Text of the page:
Trojan Horse Program

Episode 244: ZuoRAT brings APT Tactics to Home Networks

In this episode of the Security Ledger podcast, brought to you by ReversingLabs, we interview Danny Adamitis (@dadamitis) of Black Lotus Labs about the discovery of ZuoRAT, malware that targets SOHO routers – and is outfitted with APT-style tools for attacking the devices connected to home networks.

As always,  you can check our full conversation in our latest Security Ledger podcast at Blubrry. You can also listen to it on iTunes and Spotify. Or, check us out on Google PodcastsStitcherRadio Public and more. Also: if you enjoy this podcast, consider signing up to receive it in your email. Just point your web browser to to get notified whenever a new podcast is posted. 


Cyber attacks on small office and home office (or SOHO) routers aren’t new. Back in 2016, the malware known as Mirai made headlines across the world by infecting hundreds of thousands of weekly protected SOHO routers and DVR devices and stringing them into a potent botnet that could be leased out to distribute spam and launch crippling denial of service attacks. 

But for all its bluster, Mirai and the IoT botnets that followed it were pretty simple creatures. They infected SOHO routers by exploiting default passwords (mostly). The goal was to own the router itself. The goal was to build  a platform for future, external attacks – not probing the home and small business networks the routers fronted.  

New Rapidly-Spreading Hide and Seek IoT Botnet Identified by Bitdefender

ZuoRAT: sniffing around home networks

Danny Adamitis is a researcher at Lumen’s Black Lotus Labs.
Danny Adamitis is a researcher at Lumen’s Black Lotus Labs.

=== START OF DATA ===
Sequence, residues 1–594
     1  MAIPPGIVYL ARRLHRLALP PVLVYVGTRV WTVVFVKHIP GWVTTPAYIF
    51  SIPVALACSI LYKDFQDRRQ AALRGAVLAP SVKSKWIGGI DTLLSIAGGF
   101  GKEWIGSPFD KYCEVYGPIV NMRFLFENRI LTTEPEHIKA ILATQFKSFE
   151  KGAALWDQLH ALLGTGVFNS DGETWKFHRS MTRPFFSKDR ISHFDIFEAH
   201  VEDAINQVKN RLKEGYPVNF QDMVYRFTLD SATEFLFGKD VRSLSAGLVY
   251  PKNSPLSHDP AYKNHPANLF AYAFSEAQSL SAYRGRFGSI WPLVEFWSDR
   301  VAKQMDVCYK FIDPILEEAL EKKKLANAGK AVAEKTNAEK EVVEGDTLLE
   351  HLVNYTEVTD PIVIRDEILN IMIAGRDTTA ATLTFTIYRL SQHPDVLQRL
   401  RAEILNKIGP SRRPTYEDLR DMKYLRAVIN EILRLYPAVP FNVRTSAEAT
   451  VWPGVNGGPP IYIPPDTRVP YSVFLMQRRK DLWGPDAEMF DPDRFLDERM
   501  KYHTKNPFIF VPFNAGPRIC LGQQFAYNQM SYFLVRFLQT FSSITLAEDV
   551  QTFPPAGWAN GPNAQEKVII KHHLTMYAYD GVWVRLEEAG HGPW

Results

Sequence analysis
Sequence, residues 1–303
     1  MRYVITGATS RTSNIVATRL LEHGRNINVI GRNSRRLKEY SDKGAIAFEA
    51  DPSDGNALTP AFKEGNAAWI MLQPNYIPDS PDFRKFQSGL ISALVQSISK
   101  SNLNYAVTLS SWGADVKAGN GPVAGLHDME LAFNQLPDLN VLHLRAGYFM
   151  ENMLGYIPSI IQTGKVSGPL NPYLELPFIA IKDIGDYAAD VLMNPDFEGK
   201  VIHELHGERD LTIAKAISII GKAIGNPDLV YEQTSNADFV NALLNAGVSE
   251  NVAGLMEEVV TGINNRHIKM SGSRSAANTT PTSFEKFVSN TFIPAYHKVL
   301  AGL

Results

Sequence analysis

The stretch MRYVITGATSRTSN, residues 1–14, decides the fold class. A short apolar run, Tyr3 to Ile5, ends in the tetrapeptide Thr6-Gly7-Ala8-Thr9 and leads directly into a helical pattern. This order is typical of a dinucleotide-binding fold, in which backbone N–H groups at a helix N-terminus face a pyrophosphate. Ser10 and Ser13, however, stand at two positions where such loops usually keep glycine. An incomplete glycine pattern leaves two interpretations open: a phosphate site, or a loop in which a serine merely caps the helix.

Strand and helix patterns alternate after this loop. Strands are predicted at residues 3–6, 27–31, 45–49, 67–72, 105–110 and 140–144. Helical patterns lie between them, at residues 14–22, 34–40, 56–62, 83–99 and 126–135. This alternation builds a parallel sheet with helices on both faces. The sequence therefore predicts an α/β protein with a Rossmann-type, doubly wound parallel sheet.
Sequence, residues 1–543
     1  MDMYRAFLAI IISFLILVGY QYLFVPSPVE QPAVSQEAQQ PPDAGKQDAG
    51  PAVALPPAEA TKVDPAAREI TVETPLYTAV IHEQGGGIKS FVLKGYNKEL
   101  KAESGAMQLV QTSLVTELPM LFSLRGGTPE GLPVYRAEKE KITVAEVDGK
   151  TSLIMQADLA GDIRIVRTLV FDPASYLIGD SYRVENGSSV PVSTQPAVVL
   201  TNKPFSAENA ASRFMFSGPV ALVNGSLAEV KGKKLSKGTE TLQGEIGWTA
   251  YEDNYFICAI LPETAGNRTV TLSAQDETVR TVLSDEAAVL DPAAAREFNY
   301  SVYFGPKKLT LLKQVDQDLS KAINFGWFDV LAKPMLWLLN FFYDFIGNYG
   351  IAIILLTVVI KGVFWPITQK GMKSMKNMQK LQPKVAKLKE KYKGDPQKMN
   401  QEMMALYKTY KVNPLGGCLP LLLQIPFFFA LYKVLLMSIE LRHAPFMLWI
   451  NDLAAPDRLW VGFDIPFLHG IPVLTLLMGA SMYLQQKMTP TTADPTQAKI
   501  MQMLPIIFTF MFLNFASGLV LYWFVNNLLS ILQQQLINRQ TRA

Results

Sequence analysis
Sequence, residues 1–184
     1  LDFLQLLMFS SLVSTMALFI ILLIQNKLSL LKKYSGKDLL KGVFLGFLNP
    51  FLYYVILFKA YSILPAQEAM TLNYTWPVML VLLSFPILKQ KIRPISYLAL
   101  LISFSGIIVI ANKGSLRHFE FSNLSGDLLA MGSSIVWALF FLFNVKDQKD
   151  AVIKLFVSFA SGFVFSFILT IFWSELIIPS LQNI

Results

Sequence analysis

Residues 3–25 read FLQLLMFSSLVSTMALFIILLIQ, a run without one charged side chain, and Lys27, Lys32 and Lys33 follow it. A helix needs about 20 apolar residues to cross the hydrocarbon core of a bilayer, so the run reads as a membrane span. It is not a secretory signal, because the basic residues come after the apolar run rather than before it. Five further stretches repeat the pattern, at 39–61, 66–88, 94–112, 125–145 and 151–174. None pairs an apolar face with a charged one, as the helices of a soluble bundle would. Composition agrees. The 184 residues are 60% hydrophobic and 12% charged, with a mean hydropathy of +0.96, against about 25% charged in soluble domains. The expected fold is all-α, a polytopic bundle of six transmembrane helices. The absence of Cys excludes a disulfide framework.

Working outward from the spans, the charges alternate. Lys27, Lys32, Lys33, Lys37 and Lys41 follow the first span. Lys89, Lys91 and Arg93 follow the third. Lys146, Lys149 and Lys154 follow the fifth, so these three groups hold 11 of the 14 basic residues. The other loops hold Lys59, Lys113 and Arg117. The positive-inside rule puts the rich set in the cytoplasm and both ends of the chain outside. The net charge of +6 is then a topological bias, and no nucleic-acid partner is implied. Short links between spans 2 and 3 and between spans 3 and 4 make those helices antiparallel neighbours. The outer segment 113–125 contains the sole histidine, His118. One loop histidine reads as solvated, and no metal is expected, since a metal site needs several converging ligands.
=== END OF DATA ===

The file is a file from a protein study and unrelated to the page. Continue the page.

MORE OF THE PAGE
That’s not the case with ZuoRAT, a mysterious Mirai variant uncovered by researchers at Lumen’s Black Lotus Labs. According to Lumen researcher Danny Adamitis (@dadamitis), ZuoRAT looked like earlier IoT botnets, but behaved very differently: with an intense interest in the devices connected to home networks and the ability to launch extremely targeted attacks on home devices that could steal data, redirect web searches and, potentially, install malware on devices that used the router. Another interesting tidbit: ZuoRAT’s targets, which include Higher Muslims and Hong Kong residents and, apparently, homes and small businesses here in the U.S. 

ZuoRAT was the subject of a presentation Danny gave at the recent LabsCon conference. I spoke with him after his talk and, In this interview, he describes how he stumbled upon ZuoRAT (spoiler alert: holiday season-induced insomnia); the many curious features of the malware that his research has uncovered; and the larger problem of vulnerable SOHO routers, whose care, maintenance and security often is overlooked. 

To listen to the interview, use the player above or download the MP3 using the button below.

(*) Disclosure: This podcast was sponsored by ReversingLabs. For more information on how Security Ledger works with its sponsors and sponsored content on Security Ledger, check out our About Security Ledger page on sponsorships and sponsor relations.